OER in Print

Learning Objectives

By the end of this chapter, you will be able to:

  • Explain why students might want to access a print copy of an OER.
  • Identify three options for acquiring an OER in print.

Physical copies of course materials are sometimes preferred by both students and instructors. Since OER are typically created as digital objects first, it can be difficult to picture them as physical items, but many OER come in low-cost print versions as well. In this chapter, we’ll review some of the reasons why and how you might offer a print option for your text-based OER.

Why Print?

There are many reasons why your students might want to access an OER in print, even at a price. A few of these are listed below:

  • Students who do not own a laptop might want to have a print copy of their text for use in the classroom.
  • Some students have issues with eye strain when reading on computer screens.
  • Some students find it easier to retain information from print texts.
  • Some students (and instructors!) prefer having physical manuals for use in labs.

Although not all students will want to purchase your materials in print, having the option available might be a worthwhile endeavor for your course.

Purchasing Copies

"The American Yawp" book cover.
The American Yawp: A Massively Collaborative Open US History Textbook, sold by Stanford University Press. 456 pages. $24.95.

One option for accessing OER in print is to purchase publisher-produced copies. For example, OpenStax, a Rice University-based open textbook publisher, provides bulk printing through textbook providers that contract with university bookstores. Campus bookstores can order copies of OpenStax textbooks and other OER which have print copies available for sale.

The American Yawp is a prime example of a university press-distributed open textbook. First released in print in 2018, the massively collaborative United States History textbook is one of the most popular history OER in use today. New editions of the text are released regularly and the book’s update history is provided on its host website.

Even if the publisher of your chosen OER does not sell physical copies of their resource, you can commission copies through third-party platforms such as Lulu.com or Amazon. This can be an excellent option if you plan on rearranging chapters of your chosen text or if you are compiling a reader of various open resources.

Warning! Before ordering print copies of your text, keep in mind how your use of print materials will affect your students’ engagement with your course.

Considerations for courses using OER in print

  • Should students be required to purchase a hard copy?
  • Could you easily print and lend out copies of the OER to your students?
  • How will you explain to students where the OER can be found for free online?

Printing on Campus

If the OER you want isn’t available to purchase in print and you don’t want to commission print copies on a third-party platform, you can also consider printing copies on campus.

University Printing Services

Campus Printing Services is an excellent option for getting a text-based resource ready for print. Keep in mind that the price of your resource will vary depending on the printing specifications you choose (e.g., ring-bound, softcover, black and white, full color). To make things easier for your students, you should work with printing services and your bookstore to get your book in the best possible format for your needs.[1]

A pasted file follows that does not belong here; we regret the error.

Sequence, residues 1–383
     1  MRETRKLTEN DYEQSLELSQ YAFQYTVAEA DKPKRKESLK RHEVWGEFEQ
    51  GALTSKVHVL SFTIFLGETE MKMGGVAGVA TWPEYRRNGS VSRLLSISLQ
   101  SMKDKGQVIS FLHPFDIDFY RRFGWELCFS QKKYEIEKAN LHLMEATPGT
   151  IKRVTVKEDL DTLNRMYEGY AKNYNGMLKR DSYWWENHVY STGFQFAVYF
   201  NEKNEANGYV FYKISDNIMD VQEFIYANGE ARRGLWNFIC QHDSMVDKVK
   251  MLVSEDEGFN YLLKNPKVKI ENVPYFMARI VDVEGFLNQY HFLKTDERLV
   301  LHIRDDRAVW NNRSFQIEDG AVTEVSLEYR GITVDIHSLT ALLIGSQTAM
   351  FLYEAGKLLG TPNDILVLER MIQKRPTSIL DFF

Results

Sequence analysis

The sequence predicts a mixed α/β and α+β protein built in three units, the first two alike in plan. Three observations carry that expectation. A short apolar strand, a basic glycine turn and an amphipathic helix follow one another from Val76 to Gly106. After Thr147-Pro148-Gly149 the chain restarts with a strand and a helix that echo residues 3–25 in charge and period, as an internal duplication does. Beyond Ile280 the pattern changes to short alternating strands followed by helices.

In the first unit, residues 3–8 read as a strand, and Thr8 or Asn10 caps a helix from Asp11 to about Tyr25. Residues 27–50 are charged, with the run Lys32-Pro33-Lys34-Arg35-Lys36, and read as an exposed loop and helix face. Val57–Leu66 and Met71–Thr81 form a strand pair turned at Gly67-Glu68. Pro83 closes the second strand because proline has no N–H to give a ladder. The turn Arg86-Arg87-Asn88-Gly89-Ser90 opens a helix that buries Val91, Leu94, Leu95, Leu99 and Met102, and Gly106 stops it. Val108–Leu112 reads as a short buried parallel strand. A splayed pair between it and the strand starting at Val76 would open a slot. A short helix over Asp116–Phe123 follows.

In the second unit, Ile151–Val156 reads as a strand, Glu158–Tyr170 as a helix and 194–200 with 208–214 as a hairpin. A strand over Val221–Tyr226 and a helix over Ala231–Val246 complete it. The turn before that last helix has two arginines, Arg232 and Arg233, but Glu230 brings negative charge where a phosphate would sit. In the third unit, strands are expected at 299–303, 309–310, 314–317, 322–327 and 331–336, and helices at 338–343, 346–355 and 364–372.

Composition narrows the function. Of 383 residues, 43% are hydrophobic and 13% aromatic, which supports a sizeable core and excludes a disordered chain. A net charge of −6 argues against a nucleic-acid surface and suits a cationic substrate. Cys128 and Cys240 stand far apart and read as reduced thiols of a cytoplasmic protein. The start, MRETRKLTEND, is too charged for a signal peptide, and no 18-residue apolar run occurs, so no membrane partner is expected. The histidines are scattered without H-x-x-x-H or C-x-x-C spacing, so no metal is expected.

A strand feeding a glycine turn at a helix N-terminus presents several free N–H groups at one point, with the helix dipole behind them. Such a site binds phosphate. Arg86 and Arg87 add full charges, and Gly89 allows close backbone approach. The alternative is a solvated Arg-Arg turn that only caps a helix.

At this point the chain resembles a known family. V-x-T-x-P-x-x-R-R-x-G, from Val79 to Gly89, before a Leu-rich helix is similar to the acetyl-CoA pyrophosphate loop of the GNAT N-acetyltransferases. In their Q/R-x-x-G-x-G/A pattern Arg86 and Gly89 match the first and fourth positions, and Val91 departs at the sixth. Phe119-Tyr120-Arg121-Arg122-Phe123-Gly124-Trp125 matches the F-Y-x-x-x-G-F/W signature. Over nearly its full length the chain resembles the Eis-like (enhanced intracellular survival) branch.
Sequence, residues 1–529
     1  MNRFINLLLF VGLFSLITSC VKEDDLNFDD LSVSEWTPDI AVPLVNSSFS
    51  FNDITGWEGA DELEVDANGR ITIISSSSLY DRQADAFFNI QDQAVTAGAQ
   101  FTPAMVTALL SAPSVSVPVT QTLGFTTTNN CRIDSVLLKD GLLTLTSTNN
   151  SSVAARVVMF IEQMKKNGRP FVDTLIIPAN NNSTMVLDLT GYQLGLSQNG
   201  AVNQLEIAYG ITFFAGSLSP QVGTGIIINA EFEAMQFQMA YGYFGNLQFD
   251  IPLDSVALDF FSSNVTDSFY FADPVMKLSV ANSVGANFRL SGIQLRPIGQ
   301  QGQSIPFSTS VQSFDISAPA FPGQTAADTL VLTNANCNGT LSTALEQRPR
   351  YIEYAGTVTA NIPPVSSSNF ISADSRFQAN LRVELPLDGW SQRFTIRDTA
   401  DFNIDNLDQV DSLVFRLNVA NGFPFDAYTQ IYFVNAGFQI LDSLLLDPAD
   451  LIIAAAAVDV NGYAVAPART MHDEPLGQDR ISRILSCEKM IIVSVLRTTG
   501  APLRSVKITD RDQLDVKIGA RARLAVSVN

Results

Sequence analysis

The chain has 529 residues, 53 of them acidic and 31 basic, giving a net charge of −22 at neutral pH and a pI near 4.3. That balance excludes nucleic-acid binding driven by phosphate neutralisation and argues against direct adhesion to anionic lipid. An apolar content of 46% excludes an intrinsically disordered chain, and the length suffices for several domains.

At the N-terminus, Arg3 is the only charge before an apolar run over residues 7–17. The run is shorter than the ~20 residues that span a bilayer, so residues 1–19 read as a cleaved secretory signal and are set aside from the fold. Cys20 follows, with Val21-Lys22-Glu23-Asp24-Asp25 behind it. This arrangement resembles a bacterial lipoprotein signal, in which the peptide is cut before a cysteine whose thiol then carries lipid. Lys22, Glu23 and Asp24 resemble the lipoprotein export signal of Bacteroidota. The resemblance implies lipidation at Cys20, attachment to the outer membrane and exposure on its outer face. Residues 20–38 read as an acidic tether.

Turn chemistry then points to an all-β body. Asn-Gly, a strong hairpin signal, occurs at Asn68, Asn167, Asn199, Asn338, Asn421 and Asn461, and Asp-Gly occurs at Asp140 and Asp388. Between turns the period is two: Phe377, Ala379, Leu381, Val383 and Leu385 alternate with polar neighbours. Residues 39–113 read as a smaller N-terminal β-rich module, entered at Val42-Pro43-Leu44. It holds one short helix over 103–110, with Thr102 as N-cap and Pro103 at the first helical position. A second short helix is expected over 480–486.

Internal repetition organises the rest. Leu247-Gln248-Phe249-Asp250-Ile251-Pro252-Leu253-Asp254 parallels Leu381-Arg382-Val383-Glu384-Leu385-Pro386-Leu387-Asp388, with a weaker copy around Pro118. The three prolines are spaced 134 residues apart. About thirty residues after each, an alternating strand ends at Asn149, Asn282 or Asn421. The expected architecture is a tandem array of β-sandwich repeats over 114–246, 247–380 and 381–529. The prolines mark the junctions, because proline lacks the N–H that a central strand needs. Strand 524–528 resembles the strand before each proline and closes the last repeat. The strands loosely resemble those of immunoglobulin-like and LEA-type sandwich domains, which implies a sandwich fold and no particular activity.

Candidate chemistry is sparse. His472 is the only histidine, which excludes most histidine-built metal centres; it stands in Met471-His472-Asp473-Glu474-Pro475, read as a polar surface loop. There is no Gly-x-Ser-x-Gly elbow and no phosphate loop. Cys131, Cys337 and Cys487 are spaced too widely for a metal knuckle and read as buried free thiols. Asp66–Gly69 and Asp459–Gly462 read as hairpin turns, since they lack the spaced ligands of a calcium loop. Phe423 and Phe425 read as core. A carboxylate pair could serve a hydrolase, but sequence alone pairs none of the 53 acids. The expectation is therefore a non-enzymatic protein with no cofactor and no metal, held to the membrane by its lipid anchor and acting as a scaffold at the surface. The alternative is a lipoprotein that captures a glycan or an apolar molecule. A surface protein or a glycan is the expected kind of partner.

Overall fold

Student-printed Copies

If you aren’t certain whether your course could benefit from using OER in print, you can choose not to offer a print version. In this case, individual students can print personal copies of the text for themselves. Students provided with print credits on campus can print individual chapters or sections of your material or they can print the full text of your book or manual at a store like Staples.

The Non-Commercial Discussion

There is a cost to print any resource, even an open one. Since the Non-Commercial (NC) Creative Commons licenses do not permit reuse for commercial purposes, this might make you think that you cannot access Non-Commercial OER in print; however, that is not the case.  Open educational resources with CC BY NC licenses can be printed and sold at cost or with standard university bookstore markups, but they cannot be sold for a profit.[2] Some quick rules of thumb for using Non-Commercial CC-licensed OER content are outlined below:

  • The CC BY NC license gives the rightsholder of a work complete control over its commercialization. The author can sell copies for a profit, but no one else can unless the authors gives express permission.[3]
  • The CC BY NC license allows for copies of a work to be sold at cost. Printing copies of another creator’s work through a third party like Staples or Lulu.com is allowed under the CC BY NC license, as long as you do not sell those copies for a profit.
  • Items licensed CC BY NC can be distributed to students by a for-profit company or private university without breaking the terms of its license: what matters is the characterization of the use, not the user.

 


  1. Maximizing reuse while also keeping prices low is a necessity. Not all students will choose to purchase the print when the full text of your OER is also free online.
  2. NonCommercial interpretation. (n.d.). In Creative Commons Wiki. Retrieved from https://wiki.creativecommons.org/wiki/NonCommercial_interpretation
  3. If you require that your students buy copies of your work at a profitable price, your resource is technically no longer an OER.

License

Icon for the Creative Commons Attribution 4.0 International License

The OER Starter Kit by Abbey K. Elder is licensed under a Creative Commons Attribution 4.0 International License, except where otherwise noted.

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